Friday, February 09, 2007

Terrence O'Donnell, Party Animal

From the Vindy:

Justice Terrence O'Donnell of the Ohio Supreme Court warned fellow Republicans that what happened during last year's statewide elections cannot be repeated.

    "We can't run against ourselves," Justice O'Donnell said Thursday at the Mahoning Valley McKinley Club's annual dinner. "We can't have the auditor run against the attorney general run against the secretary of state and hope to come out of that and have a successful outcome."

    * * *

    He stressed the importance of Ohio in the 2008 presidential election, saying the state "holds the key to the White House." He also looked ahead to the 2010 statewide election saying, "I'm very optimistic about the future and where we're going."
Happily, the Vindy reporter picked up the funny smell and acknowledged it:
    While there is no rule, law or judicial canon that forbids Supreme Court justices from talking about partisan politics during nonelection years, Justice O'Donnell's statements about his party — although he never used the word "Republican" — were somewhat out of the ordinary.
This is a case study in how not to keep people comfortable with our system of choosing judges. A Supreme Court Justice shouldn't be playing party leader. Granted, the Ohio Supremes are the only statewide office holders aside from Mary Taylor, but c'mon, she's a CPA, surely she can step up.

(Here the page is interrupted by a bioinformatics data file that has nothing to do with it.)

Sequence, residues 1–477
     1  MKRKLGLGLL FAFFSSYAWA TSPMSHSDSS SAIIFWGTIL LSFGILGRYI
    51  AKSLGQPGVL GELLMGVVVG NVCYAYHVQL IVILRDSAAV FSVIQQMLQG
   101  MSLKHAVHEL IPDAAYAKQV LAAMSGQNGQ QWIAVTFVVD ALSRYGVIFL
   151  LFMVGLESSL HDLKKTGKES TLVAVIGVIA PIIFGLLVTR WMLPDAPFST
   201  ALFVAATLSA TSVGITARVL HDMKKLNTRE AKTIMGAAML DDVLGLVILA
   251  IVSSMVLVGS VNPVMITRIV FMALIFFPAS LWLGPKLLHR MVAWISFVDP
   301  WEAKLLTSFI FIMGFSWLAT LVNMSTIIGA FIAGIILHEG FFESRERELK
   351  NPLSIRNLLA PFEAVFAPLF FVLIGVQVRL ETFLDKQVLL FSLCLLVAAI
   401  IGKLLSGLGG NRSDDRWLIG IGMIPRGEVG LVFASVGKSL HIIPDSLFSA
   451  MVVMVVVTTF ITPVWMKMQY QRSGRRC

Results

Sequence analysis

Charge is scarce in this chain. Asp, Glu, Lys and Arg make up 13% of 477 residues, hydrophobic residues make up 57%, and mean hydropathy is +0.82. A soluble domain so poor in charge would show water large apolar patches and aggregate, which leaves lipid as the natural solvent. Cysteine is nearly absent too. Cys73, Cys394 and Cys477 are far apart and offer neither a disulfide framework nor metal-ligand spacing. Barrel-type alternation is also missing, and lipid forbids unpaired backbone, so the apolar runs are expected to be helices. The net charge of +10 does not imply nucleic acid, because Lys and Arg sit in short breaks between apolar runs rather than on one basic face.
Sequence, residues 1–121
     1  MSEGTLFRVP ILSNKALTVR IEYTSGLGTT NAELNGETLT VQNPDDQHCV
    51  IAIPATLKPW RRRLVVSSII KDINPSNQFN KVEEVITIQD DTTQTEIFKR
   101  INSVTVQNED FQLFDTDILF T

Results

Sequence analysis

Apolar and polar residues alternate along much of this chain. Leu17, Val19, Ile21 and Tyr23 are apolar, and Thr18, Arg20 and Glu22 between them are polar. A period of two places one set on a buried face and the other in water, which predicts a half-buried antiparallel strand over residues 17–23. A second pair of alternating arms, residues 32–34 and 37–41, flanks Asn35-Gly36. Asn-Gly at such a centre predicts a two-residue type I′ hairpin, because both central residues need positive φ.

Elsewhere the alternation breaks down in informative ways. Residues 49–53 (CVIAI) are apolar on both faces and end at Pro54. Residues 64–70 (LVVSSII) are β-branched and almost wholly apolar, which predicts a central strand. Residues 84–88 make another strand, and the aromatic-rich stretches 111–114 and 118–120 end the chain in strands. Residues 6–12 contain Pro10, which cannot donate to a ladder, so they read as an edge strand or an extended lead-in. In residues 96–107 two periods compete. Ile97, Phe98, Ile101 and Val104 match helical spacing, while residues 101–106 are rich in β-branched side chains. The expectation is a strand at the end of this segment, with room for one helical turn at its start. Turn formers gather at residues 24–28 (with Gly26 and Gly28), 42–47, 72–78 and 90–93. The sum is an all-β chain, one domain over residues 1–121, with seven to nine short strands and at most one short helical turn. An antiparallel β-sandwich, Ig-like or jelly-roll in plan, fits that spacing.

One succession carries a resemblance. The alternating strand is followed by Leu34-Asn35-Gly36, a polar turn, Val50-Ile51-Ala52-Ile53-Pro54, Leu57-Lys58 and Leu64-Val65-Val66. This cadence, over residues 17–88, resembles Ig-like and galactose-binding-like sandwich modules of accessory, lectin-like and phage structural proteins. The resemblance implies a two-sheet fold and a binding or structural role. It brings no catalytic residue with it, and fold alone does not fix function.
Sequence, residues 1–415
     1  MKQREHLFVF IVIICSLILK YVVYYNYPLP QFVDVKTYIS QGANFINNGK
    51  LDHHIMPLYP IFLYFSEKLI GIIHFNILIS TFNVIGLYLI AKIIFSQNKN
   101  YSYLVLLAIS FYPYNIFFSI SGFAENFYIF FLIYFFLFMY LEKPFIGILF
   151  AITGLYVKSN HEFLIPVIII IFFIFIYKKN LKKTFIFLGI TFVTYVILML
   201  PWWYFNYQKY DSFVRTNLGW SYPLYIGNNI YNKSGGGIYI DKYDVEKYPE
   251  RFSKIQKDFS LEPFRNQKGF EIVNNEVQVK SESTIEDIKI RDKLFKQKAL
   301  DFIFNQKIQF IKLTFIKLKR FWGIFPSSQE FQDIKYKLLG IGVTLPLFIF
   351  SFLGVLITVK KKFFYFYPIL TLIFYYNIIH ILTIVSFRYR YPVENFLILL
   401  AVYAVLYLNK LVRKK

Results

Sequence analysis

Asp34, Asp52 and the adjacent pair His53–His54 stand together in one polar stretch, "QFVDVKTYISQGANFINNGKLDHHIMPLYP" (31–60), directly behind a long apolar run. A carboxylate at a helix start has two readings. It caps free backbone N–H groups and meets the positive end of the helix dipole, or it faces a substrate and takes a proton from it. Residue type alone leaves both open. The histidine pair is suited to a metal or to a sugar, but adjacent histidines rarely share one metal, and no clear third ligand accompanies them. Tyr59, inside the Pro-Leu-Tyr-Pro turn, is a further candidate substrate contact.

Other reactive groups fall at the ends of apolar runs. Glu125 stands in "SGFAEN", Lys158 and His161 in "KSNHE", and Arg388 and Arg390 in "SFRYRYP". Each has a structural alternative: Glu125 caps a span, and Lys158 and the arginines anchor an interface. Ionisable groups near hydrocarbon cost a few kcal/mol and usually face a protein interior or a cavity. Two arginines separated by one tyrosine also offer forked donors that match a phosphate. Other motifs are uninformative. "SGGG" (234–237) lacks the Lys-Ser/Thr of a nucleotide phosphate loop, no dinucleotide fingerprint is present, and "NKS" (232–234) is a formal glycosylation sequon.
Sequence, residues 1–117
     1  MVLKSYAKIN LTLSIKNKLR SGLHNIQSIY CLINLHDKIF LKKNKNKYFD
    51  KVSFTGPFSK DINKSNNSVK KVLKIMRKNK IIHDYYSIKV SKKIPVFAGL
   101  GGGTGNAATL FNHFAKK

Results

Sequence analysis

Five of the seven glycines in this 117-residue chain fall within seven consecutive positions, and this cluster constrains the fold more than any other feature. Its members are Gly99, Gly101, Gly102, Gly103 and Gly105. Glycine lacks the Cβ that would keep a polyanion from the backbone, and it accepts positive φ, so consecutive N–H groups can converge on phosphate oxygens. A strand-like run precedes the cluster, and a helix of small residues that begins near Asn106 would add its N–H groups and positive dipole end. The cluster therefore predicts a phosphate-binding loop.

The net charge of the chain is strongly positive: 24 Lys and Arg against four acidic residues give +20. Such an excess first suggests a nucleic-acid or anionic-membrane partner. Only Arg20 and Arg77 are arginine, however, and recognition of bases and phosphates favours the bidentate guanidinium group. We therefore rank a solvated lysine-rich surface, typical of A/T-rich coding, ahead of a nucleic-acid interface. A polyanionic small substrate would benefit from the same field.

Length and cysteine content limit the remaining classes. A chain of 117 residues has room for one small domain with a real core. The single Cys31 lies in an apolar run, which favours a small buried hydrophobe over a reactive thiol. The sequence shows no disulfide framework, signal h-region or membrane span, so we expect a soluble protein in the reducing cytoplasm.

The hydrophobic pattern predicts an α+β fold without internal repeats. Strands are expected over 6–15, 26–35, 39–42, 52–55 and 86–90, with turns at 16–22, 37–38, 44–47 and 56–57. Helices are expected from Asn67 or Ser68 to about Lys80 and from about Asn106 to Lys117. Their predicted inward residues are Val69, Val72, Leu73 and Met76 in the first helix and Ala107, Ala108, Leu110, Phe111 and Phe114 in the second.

We all understand that judges aren't actually free of party affiliation, but we need reassurance that they know how to keep party and judicial work separate. Generally, judges do this in part by steering clear of party involvement outside of their own races.

When O'Donnell starts talking strategy to Republican activists and talking about what "we" should be doing, I get the heebies. When he starts talking about how important it is that Republicans carry Ohio in '08, they grow to full-fledged jeebies. O'Donnell makes it hard to have confidence that he will impartially decide election cases. Whether or not that's the case, it's the danger of playing party guy.


redhorse said...

Well, you have to give him points for being brass, and then take them right back for being stupid.

Daniel Jack Williamson said...

On the other hand, O'Donnell ran against O'Neill in this past election, and if there is a candidate for judge more openly partisan than O'Donnell, it is O'Neill. In fact, O'Neill has his mind made up about a great many things, and says so on the campaign trail. If only Espy had run against O'Donnell. Even though Espy was once a legislator, thus heavily involved in partisan politics, Espy has always struck me as a fair-minded person, but O'Neill does not seem the least impartial.

Though the primary was ugly, I'm glad the GOP had a primary, and I hope for more primaries, contrary to O'Donnell's suggestion.

Anonymous said...


There's a substantial difference between a judicial candidate saying how he feels about the law, and saying what needs to be done to elect a Republican president. Judicial candiates deal with a lot of issues that are both judicial and political, like union membership cases, tort liability etc. Judges should discuss those things and they should be honest about the fact that Democrats are generally going to interpret the law to form a union broadly and Republicans will interpret it narrowly etc.